New Western Sydney Suburb Suffers Subsidence


Lendlease is working to rectify subsidence issues
impacting $600 million worth of residential property at its Jordan Springs East masterplanned estate in Western Sydney.

The decade-old suburb, built over an old creek bed near Penrith City, is allegedly insufficiently compacted and is subsiding, directly damaging homes and residential property built on the land.

In September, Penrith council placed notices on 841 homes, calling for further investigations to confirm the exact cause of the sinking in the coming months.

“Council placed a notation on the planning certificates before investigations requested by Council’s experts have concluded,” Lendlease senior development manager Kevin Montier said.

“Based on the extensive geotechnical investigations that we’ve undertaken during the past two years, Lendlease doesn’t agree with the position of the council.”

Lendlease has since called on the council to remove notices on houses that have not been affected, stating that 90 homes were needing attention.

It also said it would front the cost for any repairs at Jordan Spring East due to ground settlement, over the next 15 years.

▲ A number of properties have experienced sunken driveways, cracked brickwork, walls, and concrete slabs, a sinkhole that had to be filled in, and damaged roads.
▲ A number of properties have experienced sunken driveways, cracked brickwork, walls, and concrete slabs, a sinkhole that had to be filled in, and damaged roads.

Penrith council said it had a moral and legal obligation to give current and future owners information on matters that may impact their property.

“We appreciate Lendlease’s co-operation in this matter and will continue to work with them to get to the bottom of these issues,” Penrith mayor Karen McKeown said.

“We have outstanding developments across the region and believe our communities have the right to expect exceptional standards.

“Council is willing to stand with residents to maintain these standards by monitoring, observing and requesting appropriate certification information from developers to ensure compliance.”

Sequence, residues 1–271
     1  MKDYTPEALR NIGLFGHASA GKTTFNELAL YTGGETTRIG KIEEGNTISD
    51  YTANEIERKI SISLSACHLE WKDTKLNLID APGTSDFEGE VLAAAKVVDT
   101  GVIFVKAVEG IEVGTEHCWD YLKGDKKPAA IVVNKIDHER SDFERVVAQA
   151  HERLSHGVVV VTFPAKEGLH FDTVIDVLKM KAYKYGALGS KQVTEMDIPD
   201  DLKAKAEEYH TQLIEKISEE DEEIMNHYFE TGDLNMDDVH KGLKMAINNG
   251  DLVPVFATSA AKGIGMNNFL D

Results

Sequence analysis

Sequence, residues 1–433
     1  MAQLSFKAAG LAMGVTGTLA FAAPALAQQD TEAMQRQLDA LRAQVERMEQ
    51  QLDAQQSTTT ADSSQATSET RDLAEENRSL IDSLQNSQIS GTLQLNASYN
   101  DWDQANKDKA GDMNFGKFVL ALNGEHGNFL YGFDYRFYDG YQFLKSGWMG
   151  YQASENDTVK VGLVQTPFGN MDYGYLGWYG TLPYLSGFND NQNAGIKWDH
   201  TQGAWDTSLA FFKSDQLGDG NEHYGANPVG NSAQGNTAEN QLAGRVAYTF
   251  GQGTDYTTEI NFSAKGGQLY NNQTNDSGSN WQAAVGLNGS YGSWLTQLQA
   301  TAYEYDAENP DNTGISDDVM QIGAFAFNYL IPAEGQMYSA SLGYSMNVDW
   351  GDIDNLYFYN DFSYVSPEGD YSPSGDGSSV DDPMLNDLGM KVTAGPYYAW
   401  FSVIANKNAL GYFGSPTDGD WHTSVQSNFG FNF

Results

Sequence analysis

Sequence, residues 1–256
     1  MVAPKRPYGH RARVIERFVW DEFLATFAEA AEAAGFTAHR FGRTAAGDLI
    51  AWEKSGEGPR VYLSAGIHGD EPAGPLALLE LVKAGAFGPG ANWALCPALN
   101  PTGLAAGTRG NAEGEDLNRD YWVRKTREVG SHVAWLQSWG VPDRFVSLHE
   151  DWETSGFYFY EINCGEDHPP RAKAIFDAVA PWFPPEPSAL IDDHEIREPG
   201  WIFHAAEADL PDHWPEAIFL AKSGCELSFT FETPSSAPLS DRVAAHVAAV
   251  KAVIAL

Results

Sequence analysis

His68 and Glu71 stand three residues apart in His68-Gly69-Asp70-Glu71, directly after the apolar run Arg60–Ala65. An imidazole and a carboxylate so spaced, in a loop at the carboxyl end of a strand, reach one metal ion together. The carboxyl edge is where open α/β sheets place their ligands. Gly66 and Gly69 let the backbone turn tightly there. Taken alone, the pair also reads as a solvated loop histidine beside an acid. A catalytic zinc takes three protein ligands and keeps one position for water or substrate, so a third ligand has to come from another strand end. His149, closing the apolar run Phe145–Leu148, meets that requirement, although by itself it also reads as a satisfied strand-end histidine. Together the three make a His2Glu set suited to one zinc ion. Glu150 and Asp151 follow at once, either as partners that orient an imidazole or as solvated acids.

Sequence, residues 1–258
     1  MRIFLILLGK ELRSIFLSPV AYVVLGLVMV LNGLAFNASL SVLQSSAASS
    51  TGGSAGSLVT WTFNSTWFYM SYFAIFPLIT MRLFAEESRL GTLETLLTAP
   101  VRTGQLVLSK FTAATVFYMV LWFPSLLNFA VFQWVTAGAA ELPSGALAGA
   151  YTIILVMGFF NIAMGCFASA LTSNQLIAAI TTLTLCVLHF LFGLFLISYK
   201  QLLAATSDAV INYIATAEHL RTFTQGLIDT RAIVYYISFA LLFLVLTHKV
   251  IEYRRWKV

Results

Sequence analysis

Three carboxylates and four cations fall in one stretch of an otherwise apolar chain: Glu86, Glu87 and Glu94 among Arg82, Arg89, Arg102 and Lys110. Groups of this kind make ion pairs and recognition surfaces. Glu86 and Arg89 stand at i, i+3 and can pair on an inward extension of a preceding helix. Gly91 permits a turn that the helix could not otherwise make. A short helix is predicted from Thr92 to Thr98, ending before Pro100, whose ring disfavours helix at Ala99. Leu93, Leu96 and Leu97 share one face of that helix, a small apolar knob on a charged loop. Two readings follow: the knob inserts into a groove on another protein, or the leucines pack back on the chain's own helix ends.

Lendlease said since becoming aware of the ground settlement issue in 2018, the company had been working with residents to rectify the issue—establishing a compensation scheme with the Commissioner for Fair Trading to support impacted residents.

“We’ve removed two houses at Jordan Springs East [and] offered to repurchase a further 42 houses where damage relating to settlement has occurred at a level considered to be inconsistent with Australian Standards despite the homes remaining structurally sound and safe to occupy,” Montier said.

“So far, approximately 20 owners have accepted our offer.”

A further four homes have been knocked down due to extreme cracking, one of which is being rebuilt, while another has been left abandoned.

State building commissioner David Chandler said fill is occurring across a lot of current Sydney development sites and called on engineers to do their jobs.

“Engineers who are doing foundation designs for housing on fill should pay extra attention to the fill and make sure that their designs are appropriate for the fill that is being used,” Chandler said.

“They should make sure that where there’s fill they should make sure that they inspect foundations before a house is built on it.”

Nearby, Lendlease is awaiting rezoning approval on a 38-hectare parcel of land in St Marys, from employment to urban, where it plans for its second major residential development in the outer western suburbs.

The development would include 265 new residential lots and 14 industrial lots among open spaces and new roads.

As part of its development application, Lendlease said it planned to add more than 300,000 cubic metres of material to help level the site.

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